Beyond Penal Substitution

I just got home from a very good, very traditionally Lutheran Good Friday service. The liturgy was excellent, as was the music. However, the strongest impression with which I left the service is how problematic it is when we rely exclusively and heavily on the “penal substitution” theory of atonement. (As the name suggests, this the theory that argues that the way in which Jesus saves us is by taking upon himself the punishment we rightly owe, and suffering the penalty we rightly deserve.) Even though there are many other scriptural and ecclesial models for describing the “how” of salvation, penal substitution has long dominated–for some churches year round, and for most mainline churches, during Lent in particular.

However, tonight, I was listening to the Scripture readings and the hymns with new ears, trying to imagine how they would sound to a variety of different visitors–or even to new Lutherans. Look at these two verses from Isaiah 53, for example: “But he was wounded for our transgressions, crushed for our iniquities; upon him was the punishment that made us whole, and by his bruises we are healed” (verse 5); and “Yet it was the will of the LORD to crush him with pain” (verse 10).

Do I even need to spell out the problems in this theology? At best, it suggests that pain and suffering bring redemption (bruises heal), and it paints the picture of a wrathful, sadistic God. At worst, it justifies human sadism and insists that we must first be punished–regardless of the source–in order to be redeemed. All you need is one experience with abuse to know how deeply damaging these ideas can be.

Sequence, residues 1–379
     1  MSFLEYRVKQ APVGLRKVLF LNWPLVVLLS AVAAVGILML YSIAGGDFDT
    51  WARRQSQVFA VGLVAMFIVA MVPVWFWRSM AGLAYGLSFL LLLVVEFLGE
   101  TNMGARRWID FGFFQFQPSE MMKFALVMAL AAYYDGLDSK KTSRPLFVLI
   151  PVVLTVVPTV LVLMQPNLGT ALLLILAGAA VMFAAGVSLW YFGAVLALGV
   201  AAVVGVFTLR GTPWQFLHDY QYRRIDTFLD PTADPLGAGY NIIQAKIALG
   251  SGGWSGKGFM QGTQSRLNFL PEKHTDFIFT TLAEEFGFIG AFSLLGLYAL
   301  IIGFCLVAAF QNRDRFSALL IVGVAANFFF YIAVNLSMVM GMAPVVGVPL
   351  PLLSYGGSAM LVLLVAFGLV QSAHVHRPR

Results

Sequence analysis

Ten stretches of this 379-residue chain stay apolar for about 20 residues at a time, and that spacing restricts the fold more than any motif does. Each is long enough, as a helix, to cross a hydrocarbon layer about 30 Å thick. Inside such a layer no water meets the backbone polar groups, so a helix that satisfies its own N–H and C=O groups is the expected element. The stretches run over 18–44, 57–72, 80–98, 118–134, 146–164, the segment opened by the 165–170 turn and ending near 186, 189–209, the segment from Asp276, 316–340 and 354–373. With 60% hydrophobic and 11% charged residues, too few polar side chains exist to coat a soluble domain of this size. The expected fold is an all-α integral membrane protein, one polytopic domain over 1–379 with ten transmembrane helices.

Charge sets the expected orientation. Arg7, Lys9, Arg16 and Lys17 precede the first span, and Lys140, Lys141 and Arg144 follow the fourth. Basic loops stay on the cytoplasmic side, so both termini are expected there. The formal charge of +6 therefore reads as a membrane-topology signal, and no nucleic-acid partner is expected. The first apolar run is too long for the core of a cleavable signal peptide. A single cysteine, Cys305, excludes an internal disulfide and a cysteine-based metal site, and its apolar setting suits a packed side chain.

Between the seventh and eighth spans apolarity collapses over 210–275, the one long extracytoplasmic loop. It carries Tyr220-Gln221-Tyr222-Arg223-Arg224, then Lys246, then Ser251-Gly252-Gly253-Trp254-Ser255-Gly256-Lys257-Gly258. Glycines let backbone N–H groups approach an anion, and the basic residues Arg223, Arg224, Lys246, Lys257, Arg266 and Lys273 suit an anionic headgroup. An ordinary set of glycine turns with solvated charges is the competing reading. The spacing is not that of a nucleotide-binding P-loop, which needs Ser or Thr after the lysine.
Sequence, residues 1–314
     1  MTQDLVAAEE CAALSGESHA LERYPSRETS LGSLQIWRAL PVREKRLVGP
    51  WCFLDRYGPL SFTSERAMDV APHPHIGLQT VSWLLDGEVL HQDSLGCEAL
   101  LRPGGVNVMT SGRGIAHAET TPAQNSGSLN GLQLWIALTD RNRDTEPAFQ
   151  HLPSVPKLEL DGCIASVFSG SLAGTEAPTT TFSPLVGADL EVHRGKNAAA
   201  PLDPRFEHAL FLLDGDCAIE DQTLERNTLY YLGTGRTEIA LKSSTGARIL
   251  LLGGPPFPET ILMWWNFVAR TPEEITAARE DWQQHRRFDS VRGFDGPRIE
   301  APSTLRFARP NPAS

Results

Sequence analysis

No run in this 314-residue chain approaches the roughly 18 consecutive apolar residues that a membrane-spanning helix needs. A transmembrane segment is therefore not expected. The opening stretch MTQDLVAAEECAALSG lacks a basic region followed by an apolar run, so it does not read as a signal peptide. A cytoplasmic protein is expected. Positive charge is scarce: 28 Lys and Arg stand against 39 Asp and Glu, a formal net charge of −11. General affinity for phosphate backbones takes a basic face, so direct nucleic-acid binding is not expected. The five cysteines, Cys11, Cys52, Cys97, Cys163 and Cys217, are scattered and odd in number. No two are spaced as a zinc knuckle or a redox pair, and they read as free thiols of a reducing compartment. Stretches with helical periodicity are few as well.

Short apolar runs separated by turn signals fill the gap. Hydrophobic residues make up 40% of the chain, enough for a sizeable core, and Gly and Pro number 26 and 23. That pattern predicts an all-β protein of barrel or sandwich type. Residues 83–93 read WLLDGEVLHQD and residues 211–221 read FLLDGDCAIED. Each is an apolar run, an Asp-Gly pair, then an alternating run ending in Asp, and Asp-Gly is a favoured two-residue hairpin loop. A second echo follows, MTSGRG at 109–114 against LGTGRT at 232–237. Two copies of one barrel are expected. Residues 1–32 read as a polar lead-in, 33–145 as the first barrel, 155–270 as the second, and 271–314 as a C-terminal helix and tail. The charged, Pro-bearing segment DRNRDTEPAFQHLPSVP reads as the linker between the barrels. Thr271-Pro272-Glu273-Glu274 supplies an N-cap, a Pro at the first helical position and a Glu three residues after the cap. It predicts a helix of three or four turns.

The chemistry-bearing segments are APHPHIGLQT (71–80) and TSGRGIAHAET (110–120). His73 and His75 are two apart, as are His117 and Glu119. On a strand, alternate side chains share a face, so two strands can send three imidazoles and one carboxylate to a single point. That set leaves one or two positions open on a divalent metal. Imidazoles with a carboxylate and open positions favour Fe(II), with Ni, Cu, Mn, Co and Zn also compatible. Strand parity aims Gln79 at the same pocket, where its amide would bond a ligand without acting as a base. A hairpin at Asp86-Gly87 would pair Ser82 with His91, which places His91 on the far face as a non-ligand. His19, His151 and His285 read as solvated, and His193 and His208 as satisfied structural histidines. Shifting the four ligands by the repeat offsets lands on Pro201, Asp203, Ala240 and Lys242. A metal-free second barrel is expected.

I also am sensitive to these issues today because I am reading Margaret Miles’ autobiography, “Augustine and the Fundamentalist’s Daughter.” Using Augustine’s “Confessions” as a touchstone, she describes her fundamentalist upbringing, in which, as a child, she was repeatedly told of her utter sinfulness and made to fear a terrible, punishing God who saw her every transgression. I admit to feeling uncomfortable as she quoted Luther’s approving interpretation of Augustine’s doctrine of original sin, which was used against her repeatedly by her parents. How DO we teach children about the doctrine of original sin? Probably not carefully enough, is my guess.

It has been a helpful reminder to me of theology’s power–for both great good and great ill; and all Christians, especially public ministers, have the responsibility always to consider “the other” with compassion, and try to present the gospel message in a way that is truly heard as good news. Even, and especially today, which, after all, we call “Good” Friday for a reason.

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